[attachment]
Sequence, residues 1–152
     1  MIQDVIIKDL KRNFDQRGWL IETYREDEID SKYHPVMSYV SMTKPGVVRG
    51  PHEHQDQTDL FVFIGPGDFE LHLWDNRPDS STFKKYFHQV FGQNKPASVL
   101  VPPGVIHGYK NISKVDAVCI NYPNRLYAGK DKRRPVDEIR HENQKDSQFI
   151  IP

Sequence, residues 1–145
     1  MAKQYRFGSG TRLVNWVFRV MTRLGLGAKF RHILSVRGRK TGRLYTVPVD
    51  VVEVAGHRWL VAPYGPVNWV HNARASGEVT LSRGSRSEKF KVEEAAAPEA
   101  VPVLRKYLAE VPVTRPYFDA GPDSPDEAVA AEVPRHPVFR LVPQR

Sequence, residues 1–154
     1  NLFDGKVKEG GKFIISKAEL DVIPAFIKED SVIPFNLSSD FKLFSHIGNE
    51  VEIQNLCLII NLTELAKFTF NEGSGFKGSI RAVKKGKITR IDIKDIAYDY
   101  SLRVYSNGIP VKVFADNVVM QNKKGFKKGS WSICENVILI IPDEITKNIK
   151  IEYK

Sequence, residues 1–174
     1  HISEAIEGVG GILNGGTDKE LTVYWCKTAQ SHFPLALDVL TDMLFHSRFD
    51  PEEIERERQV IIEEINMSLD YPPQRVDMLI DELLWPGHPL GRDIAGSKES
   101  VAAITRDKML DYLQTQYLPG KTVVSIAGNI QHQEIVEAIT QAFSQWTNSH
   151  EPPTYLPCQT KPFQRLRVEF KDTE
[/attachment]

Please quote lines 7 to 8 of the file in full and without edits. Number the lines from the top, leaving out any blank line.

     1  MAKQYRFGSG TRLVNWVFRV MTRLGLGAKF RHILSVRGRK TGRLYTVPVD
    51  VVEVAGHRWL VAPYGPVNWV HNARASGEVT LSRGSRSEKF KVEEAAAPEA